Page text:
Kooza takes its name from the Sanskrit word ‘koza’, meaning ‘box’ or ‘treasure’. And true to its name, the latest Cirque du Soleil show to come to Singapore is a real treasure trove of thrills, spills and delights.
From the moment you enter the big top, Cirque du Soleil’s fills you with the sense that you’re stepping into a fantastic, brave new world. It feels like a real carnival, with popcorn available for munching and a well stocked merchandise booth (which unfortunately closed by the time the show ended), and it readied us for the spectacle that was about to unfold.
As with all Cirque du Soleil shows, it’s not just a series of acts you’re in for – it’s an entire experience that nimbly integrates mystical songs and sleek synchronised choreography to completely immerse audiences in the magic of the big top. What sets Kooza apart from the usual Cirque du Soleil fare is its stripped down approach – at least, as stripped down as Cirque du Soleil gets. Gone are the overwrought, complicated storylines of later works, leaving only a simple premise to get the show going, but retaining the signature Cirque du Soleil blend of incredible costumes and evocative live music.
Kooza’s narrative follows the central figure of a young boyish character (The Innocent) as he receives a mysterious box in the mail. Upon opening the box, he unleashes the Trickster, the ringmaster clad in a colourful pinstripe suit, and what initially appears to be a small stage space transforms into an entire world of wonder, filled with death-defying acrobats, boisterous clowns and sultry singers. As straightforward as it is, the story works to Kooza’s advantage by allowing audiences to completely focus their attention on the acts that unfold before them, and Kooza is pure entertainment at its very best.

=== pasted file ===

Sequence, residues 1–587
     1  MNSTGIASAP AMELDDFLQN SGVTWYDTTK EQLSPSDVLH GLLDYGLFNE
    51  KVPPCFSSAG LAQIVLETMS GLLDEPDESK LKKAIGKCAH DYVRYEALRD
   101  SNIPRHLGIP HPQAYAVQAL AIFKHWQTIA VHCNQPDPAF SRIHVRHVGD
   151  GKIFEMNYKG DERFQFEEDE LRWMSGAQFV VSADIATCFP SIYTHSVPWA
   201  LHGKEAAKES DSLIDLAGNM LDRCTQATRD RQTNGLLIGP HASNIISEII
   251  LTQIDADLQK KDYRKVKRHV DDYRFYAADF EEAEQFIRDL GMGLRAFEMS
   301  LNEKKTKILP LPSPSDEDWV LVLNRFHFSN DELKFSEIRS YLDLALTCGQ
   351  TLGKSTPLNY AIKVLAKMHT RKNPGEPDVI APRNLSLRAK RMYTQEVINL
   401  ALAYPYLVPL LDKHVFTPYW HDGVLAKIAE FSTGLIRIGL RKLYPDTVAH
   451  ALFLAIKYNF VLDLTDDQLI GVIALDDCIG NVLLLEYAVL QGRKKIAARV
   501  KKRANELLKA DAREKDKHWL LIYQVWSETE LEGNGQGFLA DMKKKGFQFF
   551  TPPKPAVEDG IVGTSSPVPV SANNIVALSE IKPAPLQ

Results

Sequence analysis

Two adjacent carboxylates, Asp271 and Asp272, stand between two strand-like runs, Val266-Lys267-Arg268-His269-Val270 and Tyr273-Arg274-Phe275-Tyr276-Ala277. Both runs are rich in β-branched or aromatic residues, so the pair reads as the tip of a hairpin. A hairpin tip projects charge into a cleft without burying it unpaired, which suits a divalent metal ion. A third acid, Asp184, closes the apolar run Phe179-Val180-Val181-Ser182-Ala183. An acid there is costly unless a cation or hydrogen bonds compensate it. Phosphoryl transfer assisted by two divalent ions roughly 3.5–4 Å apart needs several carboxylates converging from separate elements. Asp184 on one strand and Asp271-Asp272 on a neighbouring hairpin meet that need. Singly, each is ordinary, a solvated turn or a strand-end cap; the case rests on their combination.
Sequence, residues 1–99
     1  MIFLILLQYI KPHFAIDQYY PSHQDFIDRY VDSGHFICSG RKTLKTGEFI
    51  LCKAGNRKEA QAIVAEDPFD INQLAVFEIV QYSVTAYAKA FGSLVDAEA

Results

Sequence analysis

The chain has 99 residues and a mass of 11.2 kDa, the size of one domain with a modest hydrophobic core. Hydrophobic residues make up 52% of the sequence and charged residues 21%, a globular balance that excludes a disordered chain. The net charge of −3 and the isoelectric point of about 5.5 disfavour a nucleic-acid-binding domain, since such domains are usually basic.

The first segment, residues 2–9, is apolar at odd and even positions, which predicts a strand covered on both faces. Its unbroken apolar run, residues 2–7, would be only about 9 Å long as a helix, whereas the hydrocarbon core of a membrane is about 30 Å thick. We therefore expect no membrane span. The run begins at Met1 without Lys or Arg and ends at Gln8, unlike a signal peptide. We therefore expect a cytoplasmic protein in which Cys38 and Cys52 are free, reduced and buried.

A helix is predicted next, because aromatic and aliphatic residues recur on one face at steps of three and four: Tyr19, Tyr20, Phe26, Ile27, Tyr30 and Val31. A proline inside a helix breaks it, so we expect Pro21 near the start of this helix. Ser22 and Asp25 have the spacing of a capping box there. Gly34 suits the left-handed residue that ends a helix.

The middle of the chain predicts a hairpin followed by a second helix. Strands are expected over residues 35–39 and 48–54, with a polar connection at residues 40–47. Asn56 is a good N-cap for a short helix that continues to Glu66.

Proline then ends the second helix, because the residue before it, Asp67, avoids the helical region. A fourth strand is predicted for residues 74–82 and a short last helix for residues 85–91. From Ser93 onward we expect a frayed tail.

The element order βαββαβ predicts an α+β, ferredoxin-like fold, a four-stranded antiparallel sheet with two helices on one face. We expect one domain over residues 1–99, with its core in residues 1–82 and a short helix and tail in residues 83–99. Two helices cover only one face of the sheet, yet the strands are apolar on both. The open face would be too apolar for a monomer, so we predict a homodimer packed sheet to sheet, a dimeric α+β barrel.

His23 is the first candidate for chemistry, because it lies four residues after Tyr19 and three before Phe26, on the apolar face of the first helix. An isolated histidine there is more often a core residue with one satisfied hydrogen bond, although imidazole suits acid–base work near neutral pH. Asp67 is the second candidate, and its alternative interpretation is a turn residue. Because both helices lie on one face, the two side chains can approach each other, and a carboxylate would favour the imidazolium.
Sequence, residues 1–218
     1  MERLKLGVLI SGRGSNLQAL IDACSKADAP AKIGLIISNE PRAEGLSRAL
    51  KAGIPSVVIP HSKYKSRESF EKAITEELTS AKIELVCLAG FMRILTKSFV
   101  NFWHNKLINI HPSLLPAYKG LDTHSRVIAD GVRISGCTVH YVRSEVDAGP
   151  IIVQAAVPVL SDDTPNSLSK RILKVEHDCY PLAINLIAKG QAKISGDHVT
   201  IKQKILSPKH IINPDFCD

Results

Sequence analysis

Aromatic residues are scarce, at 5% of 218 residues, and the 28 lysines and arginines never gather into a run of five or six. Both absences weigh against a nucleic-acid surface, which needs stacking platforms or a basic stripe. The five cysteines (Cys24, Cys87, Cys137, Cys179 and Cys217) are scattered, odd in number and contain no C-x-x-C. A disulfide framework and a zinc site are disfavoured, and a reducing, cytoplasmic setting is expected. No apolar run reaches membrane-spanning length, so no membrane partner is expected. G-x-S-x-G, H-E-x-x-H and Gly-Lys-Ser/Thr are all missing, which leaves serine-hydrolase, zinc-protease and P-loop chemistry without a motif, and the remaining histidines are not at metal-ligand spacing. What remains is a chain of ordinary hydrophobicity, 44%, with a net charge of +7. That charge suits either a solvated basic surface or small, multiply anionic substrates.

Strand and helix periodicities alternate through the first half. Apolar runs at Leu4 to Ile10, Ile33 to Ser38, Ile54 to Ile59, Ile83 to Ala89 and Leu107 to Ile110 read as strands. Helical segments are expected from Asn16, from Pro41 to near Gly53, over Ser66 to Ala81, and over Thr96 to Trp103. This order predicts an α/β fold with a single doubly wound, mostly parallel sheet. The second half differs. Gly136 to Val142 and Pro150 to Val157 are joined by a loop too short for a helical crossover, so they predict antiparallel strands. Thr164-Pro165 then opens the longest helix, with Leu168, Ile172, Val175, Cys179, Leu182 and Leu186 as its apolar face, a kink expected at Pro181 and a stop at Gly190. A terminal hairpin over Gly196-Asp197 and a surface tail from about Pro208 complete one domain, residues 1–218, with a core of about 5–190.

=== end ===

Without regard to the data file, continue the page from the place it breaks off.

Throughout the entirety of the show, Kooza leaves audiences at the edge of their seats and gawping, slack-jawed at the sheer energy that the performers exude, and of course, the countless gasp-inducing acts that feel straight up like feats only a superhuman could perform. What Cirque du Soleil somehow does in Kooza is make every act feel new again. Each act goes beyond its traditional limits, pushing the envelope each time and taking them to new heights, and it almost feels like one is watching some of these familiar acts for the very first time. A standard unicycle act feels fresh again by having not one but two people on the unicycle at the same time, dancing dangerously as they maintain their balance with grace and poise, while the teeterboard act that closed the show kept the momentum going strong, as each successful performer raised the stakes increasingly higher as they began flipping through the air on stilts, and even while having their feet strapped to a single pole.